Sunday, August 26, 2007

Finishing BMT.


photo: leukemia cells. From PLOS Biology.

I'm now finished with the bone marrow transplant service--or what is really the hematologic malignancy service, which serves people with lymphoma, leukemia or other problems of their blood and immune cells. It was a tough month, with long hours, as my lack of posting at this blog will reveal.

One snapshot:

The floor below is a labor and delivery floor. On the elevator up, a family of kids and adults is talking excitedly, carrying a congratulatory balloon. One woman stands quietly on the side; the oncology/bone marrow transplant floor button is already pushed when I get on. The family leaves at the labor and delivery floor, and the door closes, leaving her and me in the elevator. She says, "It's amazing how different those two floors of the hospital are." We get off at the next floor; it is quiet.

A sign at the entrance to the BMT wing tells visitors that children under 6 are not allowed. Small children and their microbes are among the many things which pose potentially mortal danger to people getting bone marrow transplants. They are sitting in their rooms, waiting for their new immune systems to grow.

5 comments:

Laurie said...

It's always weird to me when I enter the hospital and I'm not the patient or I'm not visiting a seriously ill relative. Nothing makes that difference more clear than when I visit friends and relatives who just delivered babies. Every time I get on the elevator I think to myself, "It's nice to be reminded that there are events that go on here that bring sheer joy and hope, that people are happy to be visitors."

Joe Wright said...

Thanks for stopping by, Laurie!

As I'm sure you know, happiness can also erupt all of a sudden in all sorts of places in the hospital, although the happiness of relief or of the end of an ordeal is a different kind of happiness than the happiness of a new life in the world. I have to think about how exactly, but it's definitely very different.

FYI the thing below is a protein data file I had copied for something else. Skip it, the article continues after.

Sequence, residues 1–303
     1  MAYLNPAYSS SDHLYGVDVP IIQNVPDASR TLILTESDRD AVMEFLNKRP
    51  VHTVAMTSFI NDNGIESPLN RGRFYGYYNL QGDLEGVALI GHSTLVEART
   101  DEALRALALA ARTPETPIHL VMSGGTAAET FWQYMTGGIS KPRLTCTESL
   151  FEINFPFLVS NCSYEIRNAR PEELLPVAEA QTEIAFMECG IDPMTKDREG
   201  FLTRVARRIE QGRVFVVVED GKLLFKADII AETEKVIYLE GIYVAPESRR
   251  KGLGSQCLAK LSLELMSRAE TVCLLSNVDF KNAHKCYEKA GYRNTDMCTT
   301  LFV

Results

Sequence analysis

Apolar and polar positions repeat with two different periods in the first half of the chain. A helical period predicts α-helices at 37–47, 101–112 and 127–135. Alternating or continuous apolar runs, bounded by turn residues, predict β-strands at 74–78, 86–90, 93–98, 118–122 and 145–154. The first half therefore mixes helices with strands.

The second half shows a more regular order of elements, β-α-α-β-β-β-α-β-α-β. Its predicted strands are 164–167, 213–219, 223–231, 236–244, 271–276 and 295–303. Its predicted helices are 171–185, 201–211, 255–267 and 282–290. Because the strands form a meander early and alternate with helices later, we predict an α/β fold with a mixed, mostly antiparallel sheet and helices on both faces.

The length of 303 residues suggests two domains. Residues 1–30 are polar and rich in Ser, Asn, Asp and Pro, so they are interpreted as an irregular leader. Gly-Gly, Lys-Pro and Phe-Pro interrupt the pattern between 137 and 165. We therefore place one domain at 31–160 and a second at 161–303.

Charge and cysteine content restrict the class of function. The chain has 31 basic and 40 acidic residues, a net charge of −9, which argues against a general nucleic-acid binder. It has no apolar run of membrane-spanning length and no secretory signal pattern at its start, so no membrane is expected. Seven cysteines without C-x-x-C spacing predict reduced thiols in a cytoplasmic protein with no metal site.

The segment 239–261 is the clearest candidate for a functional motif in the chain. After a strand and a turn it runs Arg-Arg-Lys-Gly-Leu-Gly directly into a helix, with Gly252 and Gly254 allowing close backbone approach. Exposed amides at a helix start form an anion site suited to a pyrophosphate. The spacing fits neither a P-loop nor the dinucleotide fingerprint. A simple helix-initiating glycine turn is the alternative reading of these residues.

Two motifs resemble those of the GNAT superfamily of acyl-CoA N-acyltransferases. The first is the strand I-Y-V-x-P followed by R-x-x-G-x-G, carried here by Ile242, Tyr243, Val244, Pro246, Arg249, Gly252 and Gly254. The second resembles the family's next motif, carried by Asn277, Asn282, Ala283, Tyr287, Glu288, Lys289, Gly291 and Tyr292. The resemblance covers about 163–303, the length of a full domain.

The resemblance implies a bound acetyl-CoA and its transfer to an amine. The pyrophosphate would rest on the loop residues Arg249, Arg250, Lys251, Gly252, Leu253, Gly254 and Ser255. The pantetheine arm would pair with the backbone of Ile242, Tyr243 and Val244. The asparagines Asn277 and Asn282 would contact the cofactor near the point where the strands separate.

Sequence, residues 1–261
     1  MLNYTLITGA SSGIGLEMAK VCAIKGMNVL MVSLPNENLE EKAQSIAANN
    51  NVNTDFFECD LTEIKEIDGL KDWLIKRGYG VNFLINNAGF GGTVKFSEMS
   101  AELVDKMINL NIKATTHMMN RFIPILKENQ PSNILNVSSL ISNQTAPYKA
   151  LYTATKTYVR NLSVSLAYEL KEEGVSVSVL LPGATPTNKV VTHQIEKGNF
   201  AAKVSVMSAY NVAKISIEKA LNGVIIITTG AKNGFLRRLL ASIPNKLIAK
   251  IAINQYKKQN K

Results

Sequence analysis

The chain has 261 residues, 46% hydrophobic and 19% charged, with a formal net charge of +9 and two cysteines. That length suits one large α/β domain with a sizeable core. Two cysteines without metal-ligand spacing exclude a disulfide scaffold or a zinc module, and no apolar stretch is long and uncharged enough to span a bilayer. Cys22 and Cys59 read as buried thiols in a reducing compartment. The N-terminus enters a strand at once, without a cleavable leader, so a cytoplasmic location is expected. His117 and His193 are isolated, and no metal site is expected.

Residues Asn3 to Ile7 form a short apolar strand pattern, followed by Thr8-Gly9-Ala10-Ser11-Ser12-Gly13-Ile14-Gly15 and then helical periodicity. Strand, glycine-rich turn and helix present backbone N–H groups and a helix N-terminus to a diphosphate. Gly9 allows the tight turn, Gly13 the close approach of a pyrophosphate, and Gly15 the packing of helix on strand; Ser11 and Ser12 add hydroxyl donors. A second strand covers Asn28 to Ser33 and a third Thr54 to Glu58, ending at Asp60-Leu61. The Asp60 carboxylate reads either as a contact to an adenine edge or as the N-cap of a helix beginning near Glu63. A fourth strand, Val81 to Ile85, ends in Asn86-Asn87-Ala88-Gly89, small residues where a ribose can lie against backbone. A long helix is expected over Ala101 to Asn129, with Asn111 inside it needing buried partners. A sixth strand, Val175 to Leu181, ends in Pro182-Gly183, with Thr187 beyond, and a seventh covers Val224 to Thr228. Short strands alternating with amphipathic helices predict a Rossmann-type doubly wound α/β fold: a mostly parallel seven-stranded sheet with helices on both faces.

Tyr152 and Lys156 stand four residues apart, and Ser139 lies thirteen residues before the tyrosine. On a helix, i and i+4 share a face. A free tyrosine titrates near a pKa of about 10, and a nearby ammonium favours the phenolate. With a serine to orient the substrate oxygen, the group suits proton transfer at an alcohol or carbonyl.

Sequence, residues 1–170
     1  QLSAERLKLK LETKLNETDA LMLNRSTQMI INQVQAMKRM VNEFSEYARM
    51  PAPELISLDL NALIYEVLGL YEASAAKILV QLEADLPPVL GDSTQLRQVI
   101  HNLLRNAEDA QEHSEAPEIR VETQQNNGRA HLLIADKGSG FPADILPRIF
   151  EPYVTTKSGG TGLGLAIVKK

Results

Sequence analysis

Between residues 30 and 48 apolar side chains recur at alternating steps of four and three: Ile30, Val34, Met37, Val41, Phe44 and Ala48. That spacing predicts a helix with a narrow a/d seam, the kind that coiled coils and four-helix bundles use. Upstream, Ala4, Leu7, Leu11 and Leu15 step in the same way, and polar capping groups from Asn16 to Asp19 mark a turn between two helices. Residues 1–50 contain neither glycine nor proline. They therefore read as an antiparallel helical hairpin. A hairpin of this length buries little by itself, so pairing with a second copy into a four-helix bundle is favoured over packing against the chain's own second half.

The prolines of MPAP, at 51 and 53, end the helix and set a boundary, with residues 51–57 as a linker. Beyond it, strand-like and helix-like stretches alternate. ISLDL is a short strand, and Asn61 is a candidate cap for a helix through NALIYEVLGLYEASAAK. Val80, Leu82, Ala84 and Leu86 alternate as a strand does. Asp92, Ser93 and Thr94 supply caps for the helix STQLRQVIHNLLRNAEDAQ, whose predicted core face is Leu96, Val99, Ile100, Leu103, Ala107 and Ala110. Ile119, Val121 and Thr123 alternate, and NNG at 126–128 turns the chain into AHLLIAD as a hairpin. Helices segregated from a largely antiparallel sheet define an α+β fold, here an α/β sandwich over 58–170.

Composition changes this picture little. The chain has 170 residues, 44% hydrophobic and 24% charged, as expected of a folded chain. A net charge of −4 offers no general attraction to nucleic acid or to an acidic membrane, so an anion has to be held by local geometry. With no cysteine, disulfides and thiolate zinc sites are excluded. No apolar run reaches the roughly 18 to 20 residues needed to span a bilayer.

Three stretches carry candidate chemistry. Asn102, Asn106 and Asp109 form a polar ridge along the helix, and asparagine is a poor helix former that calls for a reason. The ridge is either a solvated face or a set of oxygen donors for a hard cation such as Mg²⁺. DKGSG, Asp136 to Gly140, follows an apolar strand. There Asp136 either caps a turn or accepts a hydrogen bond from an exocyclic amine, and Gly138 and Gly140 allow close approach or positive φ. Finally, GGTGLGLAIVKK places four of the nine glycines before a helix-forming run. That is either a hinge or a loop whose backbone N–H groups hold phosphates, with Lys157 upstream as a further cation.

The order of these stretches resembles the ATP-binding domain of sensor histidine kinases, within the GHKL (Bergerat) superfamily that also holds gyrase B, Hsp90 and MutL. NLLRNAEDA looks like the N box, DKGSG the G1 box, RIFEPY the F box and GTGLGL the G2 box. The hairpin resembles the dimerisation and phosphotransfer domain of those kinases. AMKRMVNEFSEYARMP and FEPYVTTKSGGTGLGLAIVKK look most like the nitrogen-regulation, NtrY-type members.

When people leave the BMT floor, it can be an event that brings joy and hope, though--it's just a long wait inside a little room before that happens. But it was great sometimes when people left, and we'd be sitting in the work area in the middle of the unit, and they'd sort of parade by, waving: "Good-bye!" full of excitement and hope. (And often, sending packages of cookies and candy to the nurses afterwards.) Maybe there is an analogy: they had new immune systems, and in that sense there had been a kind of birth.

j

Laurie said...

Yes, I agree, very different types of happiness. Both wonderful and both hard-earned, but different.

I like the analogy of the imune system and birth--for these patients, it really must be a whole new life stretching befor them.

Great writing, btw. I really enjoy this blog.

Chris said...

I really enjoy this blog, too, Joe. Though your extended absence may become a regular feature from here out, it did leave me feeling a bit like I was waiting by the phone for a call that only comes when you've sworn the bastard off forever. Or like playing the slots.

My brother's experience with lymphoma gave me a real appreciation of the power of hope and of faith to carry a person though the worst of times with grace and peace, and even joy. Anyone can have joy in the begining of a life. It takes a different character to have joy at or near the end.

Glad to see you back, if only for a minute.

Joe Wright said...

Thanks to both of you for your kind words. More posts soon!
j